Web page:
115 posted on 10/13/2003 2:16:24 PM PDT by Trident/Delta (Colt 1911 .45ACP .... The "original" point and click device.....)
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To: Katya
My interest in the Knights Templar, the monastic life, and knighthood has always been more pragmatic social history....ie. Knighthood and service as a rung to the middle class. The monasteries created towns, schools and the need for trained knights guaranteed a boy of modest means the avenue for progress and property. This was entirely a western invention not based on any caste system. I wonder how much of the persecutions were a result of the fear by the papacy/aristocracy of this rise of the individual.

The knights of the holy orders, including the Templars and the Knights Hospitalier, were drawn from the ranks of nobility. Almost exclusively the younger sons of families with too many sons to divy up the family lands for. The only "middle class" members of the Templars (unless you consider these younger sons the "middle class," which is not unreasonable) were the sergeants and servants. This was also true of most of the knights who went on the crusades. They were sent off to carve out lands of their own. The Templars didn't do this as they were forbidden to own anything, turning all their worldly goods over the order. That's where the seed money came from for their wealth.

The social institutions you speak of may certainly have come to be, but they weren't part of the Templar orders history, so far as I know (1118-1312).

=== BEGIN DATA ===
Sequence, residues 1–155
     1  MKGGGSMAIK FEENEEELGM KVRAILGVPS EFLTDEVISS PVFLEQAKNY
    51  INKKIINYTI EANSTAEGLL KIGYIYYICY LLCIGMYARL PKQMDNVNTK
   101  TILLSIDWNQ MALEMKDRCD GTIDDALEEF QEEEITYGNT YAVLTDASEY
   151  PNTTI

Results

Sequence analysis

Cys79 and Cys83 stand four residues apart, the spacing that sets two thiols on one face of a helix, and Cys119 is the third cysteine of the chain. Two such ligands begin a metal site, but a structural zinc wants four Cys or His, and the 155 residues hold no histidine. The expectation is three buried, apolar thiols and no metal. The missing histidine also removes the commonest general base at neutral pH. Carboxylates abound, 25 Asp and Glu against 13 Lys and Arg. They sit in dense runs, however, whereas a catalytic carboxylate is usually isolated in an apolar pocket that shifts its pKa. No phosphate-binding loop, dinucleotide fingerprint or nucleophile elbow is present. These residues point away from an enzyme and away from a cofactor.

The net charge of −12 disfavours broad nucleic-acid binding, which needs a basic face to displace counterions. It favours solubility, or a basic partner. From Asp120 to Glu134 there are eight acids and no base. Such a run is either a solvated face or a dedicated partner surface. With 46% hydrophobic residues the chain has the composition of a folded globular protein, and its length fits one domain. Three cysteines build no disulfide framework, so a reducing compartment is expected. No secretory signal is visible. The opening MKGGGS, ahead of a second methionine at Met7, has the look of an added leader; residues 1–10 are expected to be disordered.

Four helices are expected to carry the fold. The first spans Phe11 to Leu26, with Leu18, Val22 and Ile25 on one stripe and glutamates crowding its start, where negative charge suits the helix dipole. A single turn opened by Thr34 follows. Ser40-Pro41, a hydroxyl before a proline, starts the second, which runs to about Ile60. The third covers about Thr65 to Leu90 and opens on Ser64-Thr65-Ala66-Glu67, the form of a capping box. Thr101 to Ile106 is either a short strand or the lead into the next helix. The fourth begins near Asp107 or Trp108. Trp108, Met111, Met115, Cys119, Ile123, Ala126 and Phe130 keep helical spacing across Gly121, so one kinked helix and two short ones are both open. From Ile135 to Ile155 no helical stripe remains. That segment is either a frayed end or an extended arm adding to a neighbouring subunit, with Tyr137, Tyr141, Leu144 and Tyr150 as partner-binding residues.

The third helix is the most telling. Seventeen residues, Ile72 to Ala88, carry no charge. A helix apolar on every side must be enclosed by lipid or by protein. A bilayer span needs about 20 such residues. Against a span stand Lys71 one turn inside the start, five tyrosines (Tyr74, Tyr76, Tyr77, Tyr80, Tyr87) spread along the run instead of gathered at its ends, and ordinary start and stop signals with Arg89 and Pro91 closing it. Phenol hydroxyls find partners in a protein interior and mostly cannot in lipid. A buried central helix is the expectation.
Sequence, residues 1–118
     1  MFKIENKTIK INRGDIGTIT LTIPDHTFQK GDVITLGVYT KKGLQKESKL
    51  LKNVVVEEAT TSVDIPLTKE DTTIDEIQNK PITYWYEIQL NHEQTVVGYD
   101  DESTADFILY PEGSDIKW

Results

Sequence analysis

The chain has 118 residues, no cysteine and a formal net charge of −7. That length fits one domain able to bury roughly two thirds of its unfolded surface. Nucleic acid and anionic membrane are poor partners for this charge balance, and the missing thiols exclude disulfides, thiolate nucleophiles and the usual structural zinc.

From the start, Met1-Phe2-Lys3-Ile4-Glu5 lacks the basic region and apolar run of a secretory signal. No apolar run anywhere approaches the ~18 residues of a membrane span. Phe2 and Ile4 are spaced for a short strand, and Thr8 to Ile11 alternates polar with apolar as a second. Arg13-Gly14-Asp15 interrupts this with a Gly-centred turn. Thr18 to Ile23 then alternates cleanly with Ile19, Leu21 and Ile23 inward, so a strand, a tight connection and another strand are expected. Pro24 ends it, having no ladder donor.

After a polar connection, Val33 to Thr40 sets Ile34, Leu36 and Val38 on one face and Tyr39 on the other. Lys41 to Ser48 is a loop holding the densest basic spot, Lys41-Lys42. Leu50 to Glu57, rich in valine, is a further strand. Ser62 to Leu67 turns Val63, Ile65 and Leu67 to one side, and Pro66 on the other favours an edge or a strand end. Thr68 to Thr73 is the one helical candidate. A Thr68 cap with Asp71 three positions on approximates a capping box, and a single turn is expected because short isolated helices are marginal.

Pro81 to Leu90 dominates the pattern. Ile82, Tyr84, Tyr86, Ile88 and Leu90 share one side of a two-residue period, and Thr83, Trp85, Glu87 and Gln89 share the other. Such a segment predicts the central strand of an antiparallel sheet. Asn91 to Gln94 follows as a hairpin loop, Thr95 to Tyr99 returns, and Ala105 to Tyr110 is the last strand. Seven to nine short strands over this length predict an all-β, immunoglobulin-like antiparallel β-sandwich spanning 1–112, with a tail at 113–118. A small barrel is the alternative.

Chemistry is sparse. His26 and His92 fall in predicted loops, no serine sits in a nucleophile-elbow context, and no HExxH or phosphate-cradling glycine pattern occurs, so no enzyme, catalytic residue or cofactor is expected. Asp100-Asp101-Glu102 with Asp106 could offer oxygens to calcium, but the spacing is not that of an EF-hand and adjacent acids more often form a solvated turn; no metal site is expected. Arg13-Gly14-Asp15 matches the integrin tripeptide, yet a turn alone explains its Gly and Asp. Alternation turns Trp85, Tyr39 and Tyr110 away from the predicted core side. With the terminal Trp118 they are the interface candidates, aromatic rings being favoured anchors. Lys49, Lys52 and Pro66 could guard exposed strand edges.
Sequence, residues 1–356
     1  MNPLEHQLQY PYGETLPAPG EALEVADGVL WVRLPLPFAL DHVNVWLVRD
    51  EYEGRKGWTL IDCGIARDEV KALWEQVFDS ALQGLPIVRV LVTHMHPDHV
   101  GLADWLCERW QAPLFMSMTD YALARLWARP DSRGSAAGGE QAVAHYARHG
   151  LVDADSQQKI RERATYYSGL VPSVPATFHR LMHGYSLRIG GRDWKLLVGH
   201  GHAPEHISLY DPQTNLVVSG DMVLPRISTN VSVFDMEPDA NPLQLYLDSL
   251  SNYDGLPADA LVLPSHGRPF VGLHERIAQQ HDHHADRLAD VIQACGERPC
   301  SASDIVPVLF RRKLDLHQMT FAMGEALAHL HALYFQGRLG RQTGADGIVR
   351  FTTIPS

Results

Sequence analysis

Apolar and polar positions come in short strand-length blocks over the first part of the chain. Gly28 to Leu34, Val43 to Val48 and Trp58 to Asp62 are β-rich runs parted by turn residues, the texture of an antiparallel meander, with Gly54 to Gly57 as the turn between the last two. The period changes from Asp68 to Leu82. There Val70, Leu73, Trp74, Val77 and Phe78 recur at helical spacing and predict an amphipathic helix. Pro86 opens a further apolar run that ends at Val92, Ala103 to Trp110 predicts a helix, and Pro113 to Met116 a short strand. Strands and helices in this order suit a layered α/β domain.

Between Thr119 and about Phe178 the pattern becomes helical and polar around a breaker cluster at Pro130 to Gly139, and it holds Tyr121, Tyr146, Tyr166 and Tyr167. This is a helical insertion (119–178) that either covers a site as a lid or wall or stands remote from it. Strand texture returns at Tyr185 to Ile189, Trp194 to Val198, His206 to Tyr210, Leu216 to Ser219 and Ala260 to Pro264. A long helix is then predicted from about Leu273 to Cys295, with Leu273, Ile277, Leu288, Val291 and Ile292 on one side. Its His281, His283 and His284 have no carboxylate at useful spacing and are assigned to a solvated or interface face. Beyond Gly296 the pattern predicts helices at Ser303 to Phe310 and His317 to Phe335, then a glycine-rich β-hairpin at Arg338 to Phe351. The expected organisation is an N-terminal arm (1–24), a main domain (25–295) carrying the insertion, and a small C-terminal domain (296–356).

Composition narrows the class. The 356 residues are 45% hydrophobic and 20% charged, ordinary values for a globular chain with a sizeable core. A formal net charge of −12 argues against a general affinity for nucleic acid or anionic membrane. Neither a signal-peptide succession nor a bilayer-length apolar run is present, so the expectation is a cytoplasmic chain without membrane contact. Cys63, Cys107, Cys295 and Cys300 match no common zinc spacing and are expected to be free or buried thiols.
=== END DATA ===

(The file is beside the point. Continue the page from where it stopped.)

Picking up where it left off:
Now, what the Templars found in the ruins of Solomon's stables is another story entirely...

Non Nobis Domine Non Nobis Sed Nomini Tuo Da Gloriam

Not To Us O Lord Not To Us But To Your Name Give Glory

Psalm 115, v1 Hebrew Psalter Psalm 113, v13 Greek Psalter.

The Templar oath.

116 posted on 10/13/2003 2:17:47 PM PDT by Phsstpok (often wrong, but never in doubt)
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To: Bohemund
Okay, so your source (what's the URL, by the way?) admits that a "Priory of Sion" probably only existed from 1956 to 1984.

Now that you've admitted that the "Priory of Sion" probably only existed since 1956, what are your sources that something called the "Prieure" had anything to do with the Templars?

If you take the time to look into it you will find that the "Priory" that you allude to from 1956-1984 is based on their "registry" with the French government as a "organization". Your assumption that since they registered in 1956, that it indicates that it was founded then simply flies in the face of reality. If you look at #112 you will find the URL to an associates writings on the subject.

Your reference is some boob who bought internet space and is attempting to discredit a line of historic research. You may not like it. It may fly in the face of certain religious teachings, but, there is a quite an academic following in this research. My thesis (which was for my criminal justice degree by the way), focused on the use of modern investigative techniques in the pursuit of truth in mysteries such as the Priory of Sion. To that end I applie currently accepted investigative technique to the task. I will say that I don't believe in the underlying thesis of the "Holy Blood, Holy Grail" book, but, to deny the existance of a chronicaled organization is simply stupid. I have given you more time than I normally suffer to such endeavors, I will not respond to you again.

Semper Fi

117 posted on 10/13/2003 2:25:34 PM PDT by Trident/Delta (Colt 1911 .45ACP .... The "original" point and click device.....)
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To: Trident/Delta
Still no sourcing?

An 1178 papal bull by Pope Alexander claims monasteries in Calabria, the Holy Land, Sicily, and elsewhere. Some of these monks appear to have established themselves in Orleans in 1152. This Order appears to have been absorbed into the Jesuits in either 1617 or 1619, but the main source for this remains, unfortunately, Gerard de Sede's 1988 "Les Impostures".